The last four weeks have seen a significant increase in fighting between Burma's military and members of the armed wing of the Kachin Independence Organization (KIO) in the Hpakant region of western Kachin state, home to the world's best source for true jadeite. The heavy fighting in Hpakant is a direct consequence of the the military's campaign to prevent the KIO from profiting from the area's lucrative jade trade.
While the KIO controlled and profited directly from jade mining in Hpakant during its previous phase of conflict with Burma's central government from 1961 to 1994, under the ceasefire that halted their insurrection the group gave up its right to tax jade mining in Kachin state. When the 17 year ceasefire agreement ended last June the KIO quickly reasserted control over large sections of Hpakant and once again started taxing jade mining in the region.
The Burmese military has responded by attempting to re-take control of the entire Hpakant region and in May ordered all heavy mining equipment used in the jade mining process to be removed from the area. The KIO has resisted the army's efforts to retake areas now under its control in Hpakant. This includes an August 29 strike on the Wai Aung Kaba mining company compound, which according to KIO estimates killed more than 140 government soldiers.
The increase in fighting has caused thousands of local Hpakant residents and migrant miners living in the area to be displaced, creating a major humanitarian crisis. Aid workers in the area say that at least 10,000 people from Hpakant have been made homeless since the recent army offensive began. The internally displaced people from Hpakant are taking shelter in local churches and monasteries however aid supplies are quickly running out.
The military's campaign to re-take control of Hpakant has also involved carrying out human rights abuses against the local civilian population. Eyewitnesses tell KNG that on September 5 government troops shot in the neck an unarmed Kachin civilian named Kareng Naw Chyan. He was later taken to hospital where he died from his injuries.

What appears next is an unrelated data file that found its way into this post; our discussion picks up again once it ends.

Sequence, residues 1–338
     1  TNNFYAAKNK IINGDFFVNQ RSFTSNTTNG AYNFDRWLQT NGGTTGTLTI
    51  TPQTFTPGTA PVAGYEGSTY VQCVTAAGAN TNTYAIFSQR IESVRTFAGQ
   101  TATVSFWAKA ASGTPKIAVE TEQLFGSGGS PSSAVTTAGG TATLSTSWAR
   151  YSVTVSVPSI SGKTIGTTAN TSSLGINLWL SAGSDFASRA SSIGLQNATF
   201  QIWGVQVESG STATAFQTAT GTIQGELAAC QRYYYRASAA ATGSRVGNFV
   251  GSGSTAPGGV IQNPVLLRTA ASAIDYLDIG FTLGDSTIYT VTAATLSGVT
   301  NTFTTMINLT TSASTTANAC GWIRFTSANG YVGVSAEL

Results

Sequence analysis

On September 7 witnesses saw Burmese troops detain Saga La Awng, a 20 year old mine worker and then force him into a rice sack. While bundled in the sack Saga La Awng was then thrown into a mine pit where he is believed to have died.
On Tuesday a group of about about 30 Burmese troops entered a mine operated by the Sein Aung company where they detained a group of artisanal jade miners known as yemase. The mine is located between Maw Wan Gyi and Maw Wan Kalay. According to KNG source the company owners had requested that military troops come and protect the site.
Eyewitnesses tell KNG that the military's version of “protection” consisted of selecting the ethnic Kachin miners out for a beatdown. “Burmese soldiers suddenly came and detained the yemase men (civilian raw jade collectors) and inquired about their ethnic nationality. Only the Kachin workers were beaten with guns and robbed of all their belongings, including cellphones, wristwatches and money”, an eyewitness told KNG.
Hours later the troops from the KIO responded by ambushing the soldiers in a guerrilla hit, according to eyewitnesses. It is unknown how many of the soldiers were hurt or injured.
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